This all backfired a few years later when I met a man who was also horrified. He didn’t care what my friends thought and he certainly didn’t want me to be noticed by boys. If something was low cut I was deemed a slut and an embarrassment. If something was bright I was told that I didn’t have the confidence to pull it off. Dresses weren’t appropriate for work. Weight gain would get me dumped. I also couldn’t wear heels as he couldn’t bear to look shorter than me. There was a consistent stream of negativity and screwed up faces about the way I looked.
My clothes became a cloak of invisibility. I didn’t want to be noticed. I didn’t want to be seen. I felt sick if I got wolf whistled or cat called and whatever I’d been wearing would be banished to the back of the wardrobe. Donning a new item of clothing was terrifying, and it was a dread that grew until it took more and more confidence just to leave the house. I would cancel on appointments giving random excuses, when it was often just a wardrobe crisis on a severe scale. Everything I tried on made me feel anxious and ugly until panic took hold and I knew I couldn’t go out. People stopped inviting me to things, thinking me flaky. And fair enough.
Bullying on any level (even if it is “only” about your clothes) is unacceptable. If you are in a relationship, whether it’s with a partner, a friend, or family member and you are being held back from being who you are or made to feel small or sad or scared, you need to act. You stand up to them if it’s safe to, or you get help. When someone you trust asks you how you are, you actually tell them. Please don’t hide away. You are allowing yourself to be swallowed whole by another person and this is your life and your right to be happy. So please, please be happy.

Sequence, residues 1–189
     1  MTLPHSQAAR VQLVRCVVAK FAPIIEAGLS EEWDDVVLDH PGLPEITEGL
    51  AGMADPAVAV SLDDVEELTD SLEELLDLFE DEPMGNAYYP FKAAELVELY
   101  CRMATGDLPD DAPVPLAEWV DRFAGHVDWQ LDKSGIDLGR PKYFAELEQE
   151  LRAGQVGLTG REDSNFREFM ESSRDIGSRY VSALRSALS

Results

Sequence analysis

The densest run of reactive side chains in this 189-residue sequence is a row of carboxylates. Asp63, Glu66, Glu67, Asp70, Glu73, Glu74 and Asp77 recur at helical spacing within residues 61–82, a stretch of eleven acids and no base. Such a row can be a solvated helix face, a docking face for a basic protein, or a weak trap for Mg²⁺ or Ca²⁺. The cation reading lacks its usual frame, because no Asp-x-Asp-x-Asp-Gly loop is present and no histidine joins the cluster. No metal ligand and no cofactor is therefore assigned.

Speaking of which, let’s get on to the pink-jeaned happy ending shall we?
I was strong one day and I left. And I made nice friends. Friends that liked me for me, who were there for me and drank to the demise of bad people and toasted the health of good people. Plenty of drinking went on.
And I met a boy. A nice boy. A nice man, really. Since being with him my confidence levels have rocketed and it’s no coincidence.
It didn’t happen overnight. The poor man was left rather flustered at times when an innocent comment about my outfit would reduce me to a wretched heap at the bottom of my freshly emptied wardrobe. But he is built of love and patience, and he has allowed me to become happy in myself. Now I just want to become someone he deserves. I’m still working on that.
So, to cut a long story short, now I wear bright things because they make me feel good and last weekend, for a change, I went blonde. When I told my mother she said, “Goodness Jennifer, are you having some sort of identity crisis?” and I had a little wobble about what other people might think.
And then I decided no, actually, I’m not having an identity crisis. I’m having a bloody identity parade.